Johann Member Thread Starter

    Could you please explain what "treble roll-off" means? Is it what I hear on several vinyl records that causes "S sounds" in words and say sharp hi hats to sound distorted, like dusty?
  22. Tomster330

    Tomster330 New Member

    Austin, TX
    This thread has been most helpful. I thought for sure that my tonearm setup must be off as I definitely hear some distortion towards the center of some LP's. My equipment should be pretty top notch.......Shelter 501 Cartridge mounted to a SME 309 Tonearm mounted to a Thorens 2030 Turntable.

    Hear's a shot in the dark. Does anyone own Eva Cassidy's Songbird LP? I've noticed that while the first few songs per side are acoutically phenominal, the final songs per side are not nearly so impressive. Specifically, songs ending in "s" are hissy. If anyone owns this LP, can you concur or do I need to fine tune my tonearm/cartridge?

  23. Buzzcat

    Buzzcat New Member

    Madison, WI
    Keoki said. "you may be interested in checking out is the Shure M97xE".

    I will second that. I had a Music Hall MMF 2.1 with the factory cart on it and had terrible inner groove problems. I put the mentioned Shure on it and it reduced it by 75%.

    THEN, I did the best thing I could do. I bought a VPI Scout. Personally, I think the uni-pivot tonearm design is excellent. I put the Shure cart on that. That reduced the inner groove problem to next to non-existent. Unless it's a worn out record of course. Nothing in the world can get past groove damage from previous mistracking.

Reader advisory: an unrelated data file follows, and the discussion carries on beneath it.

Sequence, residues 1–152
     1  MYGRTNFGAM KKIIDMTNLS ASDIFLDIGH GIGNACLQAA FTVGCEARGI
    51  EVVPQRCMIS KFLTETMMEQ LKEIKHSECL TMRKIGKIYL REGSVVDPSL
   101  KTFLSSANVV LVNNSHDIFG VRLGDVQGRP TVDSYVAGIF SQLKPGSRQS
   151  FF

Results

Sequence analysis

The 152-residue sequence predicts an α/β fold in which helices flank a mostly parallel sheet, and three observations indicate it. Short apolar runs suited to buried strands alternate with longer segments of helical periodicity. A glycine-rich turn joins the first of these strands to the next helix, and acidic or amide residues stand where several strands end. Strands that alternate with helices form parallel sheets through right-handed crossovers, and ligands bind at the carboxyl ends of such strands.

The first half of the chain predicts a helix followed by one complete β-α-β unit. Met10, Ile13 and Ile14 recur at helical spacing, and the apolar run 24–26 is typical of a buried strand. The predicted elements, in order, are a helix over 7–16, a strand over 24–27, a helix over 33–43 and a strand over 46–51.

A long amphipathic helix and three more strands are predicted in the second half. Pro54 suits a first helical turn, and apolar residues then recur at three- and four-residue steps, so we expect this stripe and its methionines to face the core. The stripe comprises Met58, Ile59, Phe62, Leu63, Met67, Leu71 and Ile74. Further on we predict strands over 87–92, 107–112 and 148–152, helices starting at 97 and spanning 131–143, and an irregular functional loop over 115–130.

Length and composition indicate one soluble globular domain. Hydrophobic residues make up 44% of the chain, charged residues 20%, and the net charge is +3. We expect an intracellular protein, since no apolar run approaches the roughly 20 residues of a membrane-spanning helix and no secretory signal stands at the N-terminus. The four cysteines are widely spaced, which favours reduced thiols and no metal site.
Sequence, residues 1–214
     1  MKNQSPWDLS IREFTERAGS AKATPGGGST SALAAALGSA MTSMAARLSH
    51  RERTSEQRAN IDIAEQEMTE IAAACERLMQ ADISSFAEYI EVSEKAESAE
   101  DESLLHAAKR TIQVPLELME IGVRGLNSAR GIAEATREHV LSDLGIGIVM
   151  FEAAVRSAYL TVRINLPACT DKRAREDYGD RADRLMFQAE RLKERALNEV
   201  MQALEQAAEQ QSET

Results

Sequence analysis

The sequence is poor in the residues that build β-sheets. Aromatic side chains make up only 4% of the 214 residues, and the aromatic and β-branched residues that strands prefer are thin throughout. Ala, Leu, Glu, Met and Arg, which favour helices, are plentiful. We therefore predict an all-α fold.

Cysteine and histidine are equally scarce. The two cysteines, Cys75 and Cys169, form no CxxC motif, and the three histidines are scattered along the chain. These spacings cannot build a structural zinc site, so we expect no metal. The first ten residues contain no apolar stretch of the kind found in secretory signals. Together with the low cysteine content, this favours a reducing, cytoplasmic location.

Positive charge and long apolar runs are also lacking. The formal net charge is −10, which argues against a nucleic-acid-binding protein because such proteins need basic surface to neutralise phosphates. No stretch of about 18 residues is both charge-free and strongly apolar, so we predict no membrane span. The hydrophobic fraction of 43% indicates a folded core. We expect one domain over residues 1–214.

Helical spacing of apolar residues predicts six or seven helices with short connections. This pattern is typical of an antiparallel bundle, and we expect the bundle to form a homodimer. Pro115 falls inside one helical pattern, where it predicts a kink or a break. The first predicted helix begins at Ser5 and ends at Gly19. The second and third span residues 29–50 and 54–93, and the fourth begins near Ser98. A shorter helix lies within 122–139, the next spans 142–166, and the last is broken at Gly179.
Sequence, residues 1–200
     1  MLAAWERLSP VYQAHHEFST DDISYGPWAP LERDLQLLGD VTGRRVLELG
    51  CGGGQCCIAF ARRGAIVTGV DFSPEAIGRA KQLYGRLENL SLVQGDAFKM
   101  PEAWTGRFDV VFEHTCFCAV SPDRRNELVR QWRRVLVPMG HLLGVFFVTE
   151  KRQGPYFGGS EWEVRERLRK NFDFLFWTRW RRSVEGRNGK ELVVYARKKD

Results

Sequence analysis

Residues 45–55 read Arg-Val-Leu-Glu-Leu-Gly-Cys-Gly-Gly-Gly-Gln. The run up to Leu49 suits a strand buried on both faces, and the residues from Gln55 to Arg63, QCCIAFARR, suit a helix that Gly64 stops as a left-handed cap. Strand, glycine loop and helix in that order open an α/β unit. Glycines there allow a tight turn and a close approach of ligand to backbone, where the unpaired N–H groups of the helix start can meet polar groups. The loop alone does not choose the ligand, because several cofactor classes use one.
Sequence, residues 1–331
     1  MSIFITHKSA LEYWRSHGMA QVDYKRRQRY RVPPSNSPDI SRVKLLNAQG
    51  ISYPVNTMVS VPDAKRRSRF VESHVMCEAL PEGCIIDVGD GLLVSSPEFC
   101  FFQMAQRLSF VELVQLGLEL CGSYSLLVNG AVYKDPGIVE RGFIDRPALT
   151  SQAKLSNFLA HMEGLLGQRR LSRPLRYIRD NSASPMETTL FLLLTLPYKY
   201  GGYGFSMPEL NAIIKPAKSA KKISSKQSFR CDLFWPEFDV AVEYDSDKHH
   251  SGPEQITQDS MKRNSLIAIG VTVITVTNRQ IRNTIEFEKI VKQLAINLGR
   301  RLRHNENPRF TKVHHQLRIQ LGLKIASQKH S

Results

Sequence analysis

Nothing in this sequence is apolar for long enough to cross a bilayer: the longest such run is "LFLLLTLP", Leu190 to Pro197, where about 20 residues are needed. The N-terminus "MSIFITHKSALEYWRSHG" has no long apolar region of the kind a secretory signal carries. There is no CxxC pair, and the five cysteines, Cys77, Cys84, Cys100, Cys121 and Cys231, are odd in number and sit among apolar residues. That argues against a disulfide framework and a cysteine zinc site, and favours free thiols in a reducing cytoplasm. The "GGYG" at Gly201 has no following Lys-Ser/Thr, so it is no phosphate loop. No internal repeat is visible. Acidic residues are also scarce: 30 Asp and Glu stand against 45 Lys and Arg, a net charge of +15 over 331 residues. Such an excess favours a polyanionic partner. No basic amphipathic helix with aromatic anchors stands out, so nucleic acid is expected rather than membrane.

I know the VPI Scout may be out of the question $$$ wise, but, ohhhh is it worth saving up for.
  24. Tetrack

    Tetrack Forum Resident

    Scotland, UK.
    These 'sssss' sounds are called sibilance.

    Again, this sounds like sibilance. In fact there is a post about it here.
  25. Graham Start

    Graham Start New Member

    Toronto, Canada
    That's mistracking. Treble roll-off is mastering compromise intended to reduce that. Basically, the closer the groove is to the center of the disc, the slower the speed, and the less headroom there is for treble. On many albums, it's a matter of making each song less bright as the side goes by. Sometimes this can be avoided by arranging songs so that those with less high-frequency energy are last, or just lowering the overall volume instead. If the album is cut quietly enough, it may not be necessary at all. From what I've seen, decreasing the highs is the most common method of dealing with the problem.

    It's most obvious with dance records where one song takes up the entire side. Drop the needle near the beginning, and then quickly put it near the end... the difference is night and day. If you've spent a lot of time in nightclubs that spin vinyl, this is the reason why it often seems that each new track that the DJ mixes in is brighter than the last.
    octavius likes this.